Pursuing a greater love

A Christian Science perspective: What participating in interfaith activity can do for your concept of love.

During a recent planning meeting for a women’s interfaith group that I’m a part of, one of the members raised the question of the need to know the basic religious beliefs of others. Some of us felt that in order to really understand one another, we need more information about the individual religions represented in the group. Certainly, part of loving others can include wanting to understand and appreciate their faith. That’s one of the reasons interfaith groups exist.

But the point was also made that we don’t need to know all the details about people’s faith in order to accept the people themselves. That particular issue was significant to our group because we welcome women of all faiths, some of which are quite unfamiliar to us.

That point really got me thinking. What is it about people that makes us love them as the Bible instructs us to love one another? Do we really need to know people’s beliefs in order to love the people?

Certainly, getting to know someone better who is from a different religion or culture is a good thing. It helps us understand and learn from one another and broadens our perspective on the world. And the interchange that takes place face to face on a personal level is easy to grasp, but what about loving people in other countries, those whom we may never have the opportunity to meet?

I’ve needed to change how I’m thinking about these “neighbors” on a larger scale. I’ve found that when I focus my thought on God as Father-Mother of all of us, I can think of everyone as my brother or sister, including those across the globe whom I haven’t met. I can trust that because their Father-Mother loves them, I can also love them without ever needing to know about the specifics of their background.

Mary Baker Eddy, who discovered Christian Science, says it best in her book “Science and Health with Key to the Scriptures”: “It should be thoroughly understood that all men have one Mind, one God and Father, one Life, Truth, and Love. Mankind will become perfect in proportion as this fact becomes apparent, war will cease and the true brotherhood of man will be established” (p. 467).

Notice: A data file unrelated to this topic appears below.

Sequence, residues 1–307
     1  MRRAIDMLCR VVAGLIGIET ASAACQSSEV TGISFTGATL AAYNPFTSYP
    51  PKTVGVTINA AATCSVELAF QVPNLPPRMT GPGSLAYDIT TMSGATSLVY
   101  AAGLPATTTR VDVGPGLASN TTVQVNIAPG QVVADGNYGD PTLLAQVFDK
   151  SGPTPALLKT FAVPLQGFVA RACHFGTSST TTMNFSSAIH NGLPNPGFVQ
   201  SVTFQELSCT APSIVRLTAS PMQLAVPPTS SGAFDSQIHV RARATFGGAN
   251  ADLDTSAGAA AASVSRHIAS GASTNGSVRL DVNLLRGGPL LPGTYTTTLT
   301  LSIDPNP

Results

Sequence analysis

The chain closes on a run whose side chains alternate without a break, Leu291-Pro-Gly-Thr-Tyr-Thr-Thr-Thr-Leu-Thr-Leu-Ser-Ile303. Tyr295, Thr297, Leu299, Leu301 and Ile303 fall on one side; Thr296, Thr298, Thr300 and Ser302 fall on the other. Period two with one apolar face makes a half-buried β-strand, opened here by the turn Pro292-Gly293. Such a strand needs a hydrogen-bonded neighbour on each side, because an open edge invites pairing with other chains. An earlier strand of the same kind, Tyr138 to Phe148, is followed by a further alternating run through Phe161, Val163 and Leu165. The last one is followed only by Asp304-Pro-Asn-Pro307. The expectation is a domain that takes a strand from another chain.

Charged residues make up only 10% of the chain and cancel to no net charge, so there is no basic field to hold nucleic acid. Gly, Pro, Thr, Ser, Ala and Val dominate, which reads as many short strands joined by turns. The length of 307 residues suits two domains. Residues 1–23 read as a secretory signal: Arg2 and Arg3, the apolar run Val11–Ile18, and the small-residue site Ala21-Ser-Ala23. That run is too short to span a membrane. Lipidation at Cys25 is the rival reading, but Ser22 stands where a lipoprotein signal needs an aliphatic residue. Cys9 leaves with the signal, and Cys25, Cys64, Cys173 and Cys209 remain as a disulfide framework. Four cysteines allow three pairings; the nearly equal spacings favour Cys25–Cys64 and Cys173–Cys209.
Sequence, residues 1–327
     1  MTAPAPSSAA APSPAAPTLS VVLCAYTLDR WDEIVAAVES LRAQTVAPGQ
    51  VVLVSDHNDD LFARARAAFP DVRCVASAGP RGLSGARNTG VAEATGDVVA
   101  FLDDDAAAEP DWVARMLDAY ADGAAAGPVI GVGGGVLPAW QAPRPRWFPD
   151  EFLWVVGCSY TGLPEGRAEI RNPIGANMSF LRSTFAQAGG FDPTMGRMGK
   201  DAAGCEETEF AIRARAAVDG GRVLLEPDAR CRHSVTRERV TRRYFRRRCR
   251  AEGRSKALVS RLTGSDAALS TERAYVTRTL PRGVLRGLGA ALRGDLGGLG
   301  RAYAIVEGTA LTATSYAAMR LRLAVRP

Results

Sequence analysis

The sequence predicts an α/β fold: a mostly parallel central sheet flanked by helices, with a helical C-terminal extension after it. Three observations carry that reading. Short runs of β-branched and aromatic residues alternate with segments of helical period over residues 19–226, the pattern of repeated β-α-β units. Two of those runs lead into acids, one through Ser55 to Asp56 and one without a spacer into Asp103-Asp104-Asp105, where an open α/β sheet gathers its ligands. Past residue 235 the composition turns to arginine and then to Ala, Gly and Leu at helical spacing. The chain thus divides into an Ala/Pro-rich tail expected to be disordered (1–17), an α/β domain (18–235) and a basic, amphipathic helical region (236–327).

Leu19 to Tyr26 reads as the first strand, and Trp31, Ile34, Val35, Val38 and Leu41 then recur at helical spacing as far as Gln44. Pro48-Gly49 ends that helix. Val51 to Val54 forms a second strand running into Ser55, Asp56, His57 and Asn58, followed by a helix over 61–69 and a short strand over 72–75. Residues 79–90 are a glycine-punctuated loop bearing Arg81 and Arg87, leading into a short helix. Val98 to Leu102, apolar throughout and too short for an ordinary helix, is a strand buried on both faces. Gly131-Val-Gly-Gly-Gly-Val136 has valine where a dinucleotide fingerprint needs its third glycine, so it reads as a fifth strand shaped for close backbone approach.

Accepting and loving others is something that can be done without having to agree with or even know about an individual’s religion or culture. By challenging our thought about our requirements for loving our neighbors and including everyone in our thought as brothers and sisters with one Parent, we can see that there is nothing to prevent us from joining with those of various faiths and cultures to bring about the peace that we hope for. We can actually begin to see that “[t]here is one body, and one Spirit, even as ye are called in one hope of your calling;... One God and Father of all, who is above all, and through all, and in you all” (Ephesians 4:4, 6).

My experience with the interfaith group has pushed me to see each individual as a loved and loving child of God, and I have been blessed by knowing this wonderful group of women. We have been able to work together on projects and to support one another in opening thought to include each of us in a greater love.

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Dear Reader,

About a year ago, I happened upon this statement about the Monitor in the Harvard Business Review – under the charming heading of “do things that don’t interest you”:

“Many things that end up” being meaningful, writes social scientist Joseph Grenny, “have come from conference workshops, articles, or online videos that began as a chore and ended with an insight. My work in Kenya, for example, was heavily influenced by a Christian Science Monitor article I had forced myself to read 10 years earlier. Sometimes, we call things ‘boring’ simply because they lie outside the box we are currently in.”

If you were to come up with a punchline to a joke about the Monitor, that would probably be it. We’re seen as being global, fair, insightful, and perhaps a bit too earnest. We’re the bran muffin of journalism.

But you know what? We change lives. And I’m going to argue that we change lives precisely because we force open that too-small box that most human beings think they live in.

The Monitor is a peculiar little publication that’s hard for the world to figure out. We’re run by a church, but we’re not only for church members and we’re not about converting people. We’re known as being fair even as the world becomes as polarized as at any time since the newspaper’s founding in 1908.

We have a mission beyond circulation, we want to bridge divides. We’re about kicking down the door of thought everywhere and saying, “You are bigger and more capable than you realize. And we can prove it.”

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